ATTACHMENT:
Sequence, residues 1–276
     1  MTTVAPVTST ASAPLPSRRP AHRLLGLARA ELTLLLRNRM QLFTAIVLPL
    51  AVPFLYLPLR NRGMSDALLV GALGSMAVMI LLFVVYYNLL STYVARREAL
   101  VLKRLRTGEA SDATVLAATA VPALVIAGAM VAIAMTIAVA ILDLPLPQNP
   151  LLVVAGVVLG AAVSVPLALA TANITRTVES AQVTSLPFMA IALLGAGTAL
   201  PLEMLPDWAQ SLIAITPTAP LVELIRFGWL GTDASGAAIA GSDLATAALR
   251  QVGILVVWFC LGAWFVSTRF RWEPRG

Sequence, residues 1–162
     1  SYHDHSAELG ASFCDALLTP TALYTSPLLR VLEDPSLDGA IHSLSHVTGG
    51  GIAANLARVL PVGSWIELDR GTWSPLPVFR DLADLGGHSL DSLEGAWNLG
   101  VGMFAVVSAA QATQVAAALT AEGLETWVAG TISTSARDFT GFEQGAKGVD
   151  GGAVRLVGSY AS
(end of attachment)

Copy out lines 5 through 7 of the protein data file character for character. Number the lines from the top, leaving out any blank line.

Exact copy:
   151  LLVVAGVVLG AAVSVPLALA TANITRTVES AQVTSLPFMA IALLGAGTAL
   201  PLEMLPDWAQ SLIAITPTAP LVELIRFGWL GTDASGAAIA GSDLATAALR
   251  QVGILVVWFC LGAWFVSTRF RWEPRG